As other cereals evolved, new takes on the whole wheat flakes brand didn’t catch on from Honey Frosted Wheaties in the mid-90’s to more robust versions like Wheaties Energy Crunch in 2001 to Wheaties Fuel, which, despite big endorsements from Peyton Manning, Albert Pujols and Kevin Garnett, hasn’t gained any traction in the two years it has been on the market.
Excluding sales at Walmart and convenience stores, Wheaties Fuel sales numbered a measly $5.2 million over the past year, according to SymphonyIRI, a Chicago-based market research firm.
In total, yearly Wheaties sales has brought in $38.7 million, down 18.6 percent versus a year ago. Total boxes sold are under 10 million, down 22.5 percent, meaning roughly 4,000 fewer orange boxes are being sold in the US per day than were being sold just three years ago.
Industry insiders have speculated that Wheaties, like Corn Flakes, wasn’t healthy enough for the Fiber One crowd and wasn’t bad enough for those who wanted to eat Lucky Charms or Frosted Flakes.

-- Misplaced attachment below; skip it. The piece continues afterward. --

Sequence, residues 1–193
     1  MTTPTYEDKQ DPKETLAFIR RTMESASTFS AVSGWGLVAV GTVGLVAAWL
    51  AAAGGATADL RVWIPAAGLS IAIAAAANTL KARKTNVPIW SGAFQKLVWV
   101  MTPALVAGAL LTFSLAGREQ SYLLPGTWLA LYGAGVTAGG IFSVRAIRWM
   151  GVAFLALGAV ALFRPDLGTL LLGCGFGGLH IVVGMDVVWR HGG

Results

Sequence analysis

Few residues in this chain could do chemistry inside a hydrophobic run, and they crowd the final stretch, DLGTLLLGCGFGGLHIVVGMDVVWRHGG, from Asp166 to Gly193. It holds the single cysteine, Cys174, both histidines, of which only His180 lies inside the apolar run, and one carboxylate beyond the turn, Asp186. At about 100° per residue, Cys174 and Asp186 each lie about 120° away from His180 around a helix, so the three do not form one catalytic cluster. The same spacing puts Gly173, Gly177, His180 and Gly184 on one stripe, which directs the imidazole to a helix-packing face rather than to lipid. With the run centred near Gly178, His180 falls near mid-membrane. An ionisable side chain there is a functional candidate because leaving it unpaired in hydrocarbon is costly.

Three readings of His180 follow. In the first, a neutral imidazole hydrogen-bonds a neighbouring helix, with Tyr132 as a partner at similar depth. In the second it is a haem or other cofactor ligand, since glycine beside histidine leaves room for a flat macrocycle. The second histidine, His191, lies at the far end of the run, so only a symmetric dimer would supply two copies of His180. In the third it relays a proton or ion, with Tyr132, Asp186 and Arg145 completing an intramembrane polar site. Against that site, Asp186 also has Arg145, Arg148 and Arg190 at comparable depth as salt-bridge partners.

“It’s OK to be healthy, but they just haven’t stood out,” Moritz said. “Cheerios has successfully rolled out new flavors and Special K has latched on to fitness consumers and the women’s market.”
Wheaties parent company, General Mills , reported earningson Wednesday, with shares trading down on the news that consumers were buying less because of the higher retail prices to make up for higher commodity costs. Stars of the portfolio of General Mills, which owns 32 percent of the US cereal market, including Honey Nut Cheerios, Peanut Butter Multigrain Cheerios and Cinnamon Toast Crunch have helped stem further losses. (Track GIS Stock and News Here.)
Executives with General Mills declined to comment on this story.
Wheaties was invented in 1922 by a health clinician in Minnesota, who accidentally spilled a wheat mix on a stove. When the product hit retail, it was sold by General Mills predecessor Washburn Crosby as Washburn’s Gold medal Whole Wheat Flakes. The name was soon changed to Wheaties.